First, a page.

Despite the constant thud of rockets and deteriorating living conditions, including the destruction of basic institutions and infrastructure, Syrians continue to fight for their lives in the midst of death.
In Aleppo, most schools in active combat zones and front line areas have closed. Some have been turned into military bases or rubble. But some Syrians have realized that rebuilding the future begins with the children, and that the interruption in education could create a lost generation, so many volunteers are now working on reviving schools.
The Martyr Mostafa Qaraman Elementary School, for example, has been established in the basement of an Aleppo mosque, which is considered more protected from shelling, by a civil society group called “Kish Malek” or “Checkmate.” There are currently about 120 students of both genders registered.
For the most part, the school follows the government curriculum, with the exception of Baarthist ideology. Teachers also organize activities such as games and competitions throughout the school day.
According to one of the school’s founders, administrators and teachers strive to create what they say is a “neutral” place of learning. Any political expression that goes beyond vague support for the Syrian uprising is strictly forbidden. There are no symbols of jihadist movements, and students are not separated by sex or obliged to pray. The teachers, most of whom live nearby, are paid a symbolic wage. The group is currently studying the possibility of opening a middle and high school.
The Jana Foundation For Education, which operates under the slogan “because our children are the Jana [fruits] of our revolution,” is more organized and widespread, managing 12 schools in five districts controlled by the opposition in Aleppo. The Jana Foundation schools span all levels, from elementary to middle and high school, and are held in mosques, homes or schools that have not been destroyed. Although they operate in opposition-controlled areas, the schools are free of armed elements in the interest of the children’s safety.
Jana Foundation schools teach Arabic, English, mathematics, the Qur’an and Islamic education, in addition to offering extracurricular activities such as painting and singing, which are intended to help children cope with the psychological effects of war.
Some of the teachers are experienced educators while others began recently, but their wages are largely symbolic — about 3,600 Syrian pounds (approximately US$25) per month. One of the foundation officials who refused to disclose her identity for security reasons denied rumours that the foundation is supported by the Muslim Brotherhood, saying: “From the beginning we made sure to secure multiple sources of funding in order to avoid any particular opinion or beliefs being forced on us.”
“We don’t even have enough money to pay all the teachers’ salaries this month, so we sent out an appeal to anyone who can help,” she continued. “If the Muslim Brotherhood or any other group were behind us we would not be in this predicament.”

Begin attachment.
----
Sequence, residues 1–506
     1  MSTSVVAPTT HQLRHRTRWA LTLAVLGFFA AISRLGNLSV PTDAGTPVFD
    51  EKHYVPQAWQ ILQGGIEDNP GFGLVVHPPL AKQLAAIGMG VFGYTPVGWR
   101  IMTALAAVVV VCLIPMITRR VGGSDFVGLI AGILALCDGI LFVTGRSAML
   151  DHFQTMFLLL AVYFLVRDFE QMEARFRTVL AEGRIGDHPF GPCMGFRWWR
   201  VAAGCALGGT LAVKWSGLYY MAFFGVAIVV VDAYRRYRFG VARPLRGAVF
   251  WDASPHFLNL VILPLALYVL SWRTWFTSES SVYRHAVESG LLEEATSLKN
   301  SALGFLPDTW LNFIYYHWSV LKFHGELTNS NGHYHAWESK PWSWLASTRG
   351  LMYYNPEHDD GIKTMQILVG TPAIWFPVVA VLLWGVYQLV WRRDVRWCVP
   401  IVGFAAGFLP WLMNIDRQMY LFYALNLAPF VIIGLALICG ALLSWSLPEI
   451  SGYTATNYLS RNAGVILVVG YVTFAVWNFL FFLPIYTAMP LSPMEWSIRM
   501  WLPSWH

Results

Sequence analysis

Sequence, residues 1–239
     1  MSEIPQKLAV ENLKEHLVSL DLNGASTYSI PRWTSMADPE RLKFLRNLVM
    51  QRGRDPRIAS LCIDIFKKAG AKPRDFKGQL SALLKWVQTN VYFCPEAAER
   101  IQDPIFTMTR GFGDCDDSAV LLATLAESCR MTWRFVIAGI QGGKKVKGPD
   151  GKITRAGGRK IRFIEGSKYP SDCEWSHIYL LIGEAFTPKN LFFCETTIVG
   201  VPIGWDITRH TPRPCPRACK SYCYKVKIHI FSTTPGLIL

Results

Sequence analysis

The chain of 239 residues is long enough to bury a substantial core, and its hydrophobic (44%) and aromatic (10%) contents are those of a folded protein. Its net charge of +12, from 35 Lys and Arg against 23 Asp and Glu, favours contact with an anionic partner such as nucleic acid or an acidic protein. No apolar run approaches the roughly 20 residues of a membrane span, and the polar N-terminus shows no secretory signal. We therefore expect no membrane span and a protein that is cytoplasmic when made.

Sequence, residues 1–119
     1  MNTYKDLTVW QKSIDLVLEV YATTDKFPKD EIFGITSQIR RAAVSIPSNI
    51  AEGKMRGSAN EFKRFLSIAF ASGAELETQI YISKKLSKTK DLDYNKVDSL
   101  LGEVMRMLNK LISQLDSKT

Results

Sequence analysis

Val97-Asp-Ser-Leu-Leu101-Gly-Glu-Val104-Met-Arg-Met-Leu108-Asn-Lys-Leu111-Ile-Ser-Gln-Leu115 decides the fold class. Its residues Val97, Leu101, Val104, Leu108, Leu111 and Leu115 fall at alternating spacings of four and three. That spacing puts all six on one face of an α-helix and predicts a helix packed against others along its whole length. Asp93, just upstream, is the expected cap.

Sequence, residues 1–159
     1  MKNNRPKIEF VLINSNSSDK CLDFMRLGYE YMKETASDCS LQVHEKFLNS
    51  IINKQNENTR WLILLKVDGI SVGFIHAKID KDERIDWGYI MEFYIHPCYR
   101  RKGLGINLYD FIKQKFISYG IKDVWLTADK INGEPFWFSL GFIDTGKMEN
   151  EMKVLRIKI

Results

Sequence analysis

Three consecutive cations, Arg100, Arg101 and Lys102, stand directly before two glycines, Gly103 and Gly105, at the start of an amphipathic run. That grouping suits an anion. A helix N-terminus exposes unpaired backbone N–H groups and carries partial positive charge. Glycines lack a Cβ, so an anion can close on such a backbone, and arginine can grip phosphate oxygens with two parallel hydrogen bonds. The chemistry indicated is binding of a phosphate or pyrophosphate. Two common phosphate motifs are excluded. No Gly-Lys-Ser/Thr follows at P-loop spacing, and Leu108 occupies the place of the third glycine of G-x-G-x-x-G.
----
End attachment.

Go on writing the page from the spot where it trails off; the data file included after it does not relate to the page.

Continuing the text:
She said the foundation relies on individual donations. The foundation recently signed an agreement with the group Aleppo Expatriates-Fushat Amal to support two schools, and the text of this agreement was published on the foundation’s official Facebook page.
A member of the local council in Aleppo who declined to be named in print said the majority of these new schools were licensed by the council, but that even if new schools were operating without permits, the council has “no desire” to shut them down.
In the areas under opposition control, exams for middle and high school diplomas have been scheduled for after Eid al-Fitr in mid-August, but the schools did not impose this deadline on the students. Rather, students were free to choose the timetable for official exams as set by the government, which began the second week of June for high school exams and were held within the University of Aleppo due to the lack of adequate testing facilities.
Education has become even more important as the security situation worsens, said Um Mohammed, a mother of four children aged between 6 and 11 years. She says that it was important that her children stay enrolled in school.
“[My children] enrolled late because we were displaced during the first semester, but now we are back and the teachers are helping them make up for the time they lost,” she said.
Abu Abdul Rahman, a father of four sons, said two of his children are still in school, but there are no high schools in the area for his 17-year-old. His fourth son, 15, had dropped out before the fighting reached Aleppo.
“I do not know how to read nor write,” said Abu Abdul Rahman. “My children tell me they are learning the multiplication table and Qur’an, and my youngest learned to pray. The important thing is that they are learning to read and write.”
Fatima, a middle school student, said: “Teachers are working with us and are making great efforts to make sure we pass our exams. Given the circumstances, I don’t believe that it is possible to [do more].”
Fatima has planned to sit for her exams, but with just a few days until the start of exams, she feared the crossings between the areas under the authority of the regime and those controlled by the opposition would close.
Most students say they prefer to take their exams within the official period, especially given that there is no indication the diplomas issued by the Syrian opposition will be recognized abroad. Both Libya and Egypt had offered oral promises to recognize opposition diplomas, but have so far failed to take concrete steps towards this end.
“Every time we try to get official recognition for diplomas we see attempts to avoid it,” said a spokesperson for the Aleppo city council. This has caused many worried parents to see the official exams of the government as the safest option for their children.